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What Is a No Refusal Weekend in Texas?

No Refusal Weekends in TexasTexas has one of the highest death rates due to drunk driving of any state. While drivers get behind the wheel intoxicated throughout the year, some holidays and other major events tend to plead to more drunk drivers on the road. During these time periods, the state of Texas holds “No Refusal” weekends.

If you’ve recently been arrested for a drunk driving offense, contact a Houston DWI lawyer now and discuss your legal options. 

You’ve likely heard of No Refusal through roadway signs, radio announcements, and news stories. These weekends are meant to discourage drivers from getting behind the wheel while intoxicated during high-risk times, reducing the number of DUI crashes during holidays and other high alcohol consumption periods.

When Do No Refusal Weekends Occur?

No refusal weekends mostly occur during holidays associated with high alcohol consumption, including:

  • Memorial Day weekend
  • The Fourth of July
  • Labor Day weekend
  • Halloween
  • Thanksgiving weekend through Christmas and New Year’s Eve

Other times No Refusal weekends may occur include high-profile events, such as the Super Bowl. Drunk driving is a serious offense no matter the time of year, as it puts the driver and others at great risk. While you should always drive sober, it is especially critical to do so during No Refusal Weekends. Beyond protecting yourself from the enhanced enforcement of DUI/DWI laws, sober driving allows everyone on the roads to enjoy their holidays safely.

What is Implied Consent?

As with many other states, Texas works under a rule of implied consent for those driving under the influence. As driving is a privilege and not a right, the law states that drivers on Texas roads have automatically consented to any reasonable requests by officers for blood alcohol content (BAC) and other sobriety tests.

Even so, it is still possible for you to legally refuse a breathalyzer test. If you do so, the police officer will need to request a warrant to issue any BAC or drug testing. Such warrants are obtained by showing evidence to reasonably suspect that a driver is DUI, which often proceeds by describing driving activities or driver behavior while interacting with police. Drivers who are not under the influence have very little reason to not submit to roadside breathalyzer and sobriety tests, so it is in your best interest to comply with such requests.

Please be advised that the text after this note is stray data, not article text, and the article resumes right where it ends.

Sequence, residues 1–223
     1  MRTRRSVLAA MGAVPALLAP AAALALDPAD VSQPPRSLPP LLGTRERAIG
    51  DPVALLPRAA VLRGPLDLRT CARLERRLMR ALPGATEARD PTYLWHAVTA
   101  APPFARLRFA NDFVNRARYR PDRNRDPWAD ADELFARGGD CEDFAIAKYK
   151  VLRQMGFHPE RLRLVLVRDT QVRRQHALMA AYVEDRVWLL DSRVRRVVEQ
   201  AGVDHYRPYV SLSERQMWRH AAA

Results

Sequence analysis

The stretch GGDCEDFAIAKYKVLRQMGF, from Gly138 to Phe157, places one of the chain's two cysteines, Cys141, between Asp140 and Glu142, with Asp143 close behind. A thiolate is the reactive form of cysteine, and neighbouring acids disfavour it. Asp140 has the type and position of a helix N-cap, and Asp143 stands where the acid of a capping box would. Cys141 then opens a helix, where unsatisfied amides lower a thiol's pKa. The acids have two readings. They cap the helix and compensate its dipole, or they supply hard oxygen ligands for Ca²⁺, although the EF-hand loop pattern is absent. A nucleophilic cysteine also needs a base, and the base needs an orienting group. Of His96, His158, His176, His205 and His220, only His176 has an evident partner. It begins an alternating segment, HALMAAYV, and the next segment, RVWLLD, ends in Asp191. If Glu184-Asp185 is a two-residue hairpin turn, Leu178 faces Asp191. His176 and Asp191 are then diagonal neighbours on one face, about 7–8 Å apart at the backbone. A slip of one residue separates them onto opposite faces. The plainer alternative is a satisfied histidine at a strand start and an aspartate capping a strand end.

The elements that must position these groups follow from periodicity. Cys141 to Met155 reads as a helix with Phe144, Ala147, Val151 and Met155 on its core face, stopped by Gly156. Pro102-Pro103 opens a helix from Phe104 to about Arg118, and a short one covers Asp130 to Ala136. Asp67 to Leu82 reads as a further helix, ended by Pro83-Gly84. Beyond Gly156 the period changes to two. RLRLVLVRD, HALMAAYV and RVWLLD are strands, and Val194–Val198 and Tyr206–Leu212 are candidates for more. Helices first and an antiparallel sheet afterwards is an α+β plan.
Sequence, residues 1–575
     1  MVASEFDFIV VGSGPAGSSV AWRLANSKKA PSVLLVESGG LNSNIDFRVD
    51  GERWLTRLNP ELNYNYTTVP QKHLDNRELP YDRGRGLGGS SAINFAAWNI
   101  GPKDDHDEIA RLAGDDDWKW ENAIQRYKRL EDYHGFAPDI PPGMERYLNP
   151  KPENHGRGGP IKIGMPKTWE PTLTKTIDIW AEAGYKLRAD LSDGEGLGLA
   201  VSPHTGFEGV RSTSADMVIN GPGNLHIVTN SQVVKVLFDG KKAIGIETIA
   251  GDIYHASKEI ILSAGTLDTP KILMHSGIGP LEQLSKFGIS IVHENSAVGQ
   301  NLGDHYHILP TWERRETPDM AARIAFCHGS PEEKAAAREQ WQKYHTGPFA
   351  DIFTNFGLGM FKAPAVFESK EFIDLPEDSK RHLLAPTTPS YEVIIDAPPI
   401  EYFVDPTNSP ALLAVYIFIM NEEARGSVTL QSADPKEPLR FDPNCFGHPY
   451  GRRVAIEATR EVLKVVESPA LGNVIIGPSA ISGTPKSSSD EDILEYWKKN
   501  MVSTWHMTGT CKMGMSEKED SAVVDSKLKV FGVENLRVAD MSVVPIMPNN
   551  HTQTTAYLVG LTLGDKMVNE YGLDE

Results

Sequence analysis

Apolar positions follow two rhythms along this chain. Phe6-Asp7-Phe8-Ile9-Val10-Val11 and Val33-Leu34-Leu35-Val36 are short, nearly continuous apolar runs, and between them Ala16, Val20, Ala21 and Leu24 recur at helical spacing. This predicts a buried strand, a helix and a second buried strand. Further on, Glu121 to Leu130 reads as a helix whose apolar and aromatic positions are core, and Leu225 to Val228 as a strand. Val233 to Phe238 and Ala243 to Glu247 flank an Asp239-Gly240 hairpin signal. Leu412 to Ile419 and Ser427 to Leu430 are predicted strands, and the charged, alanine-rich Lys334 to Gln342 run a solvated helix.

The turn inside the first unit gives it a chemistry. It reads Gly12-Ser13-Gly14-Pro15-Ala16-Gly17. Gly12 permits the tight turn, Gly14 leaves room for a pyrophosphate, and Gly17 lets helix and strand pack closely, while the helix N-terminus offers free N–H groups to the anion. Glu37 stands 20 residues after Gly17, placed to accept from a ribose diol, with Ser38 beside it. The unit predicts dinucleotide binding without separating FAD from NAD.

If an officer obtains a warrant, the law requires you to submit to any BAC or drug testing. You may still refuse at this point, but you will face both license suspension and fines in addition to whatever punitive measures occur if you are past the legal BAC limit.

How Do No Refusal Weekends Work?

The terminology of No Refusal Weekends is somewhat misleading. Many people may interpret the name as meaning they cannot refuse an officer’s request to submit to BAC or drug testing. This is not the case.

What No Refusal means is that law enforcement takes steps to reduce the number of legal refusals of such tests. They accomplish this not by making it illegal to refuse to comply with BAC and drug testing, but by speeding up the process of obtaining warrants and conducting tests.

Local law enforcement agencies provide more resources to process DUI offenses by putting more officers on the road, keeping a magistrate readily available to review, sign, and approve search warrants, and having more blood-draw nurses available to speed up tests;

The intention is to both discourage individuals from driving drunk and to better handle the increased number of drunk drivers who will be on the road during high-risk periods.

With a warrant, a police officer may escort a driver to the office for additional breath and blood testing. In some cases, blood testing may even occur on site. The test results are evidence usable for the DUI/DWI case in court.

Without consent or a warrant, conducting a BAC or drug test violates the Fourth Amendment. If you have been subject to such a test, contact an attorney to help you protect your rights.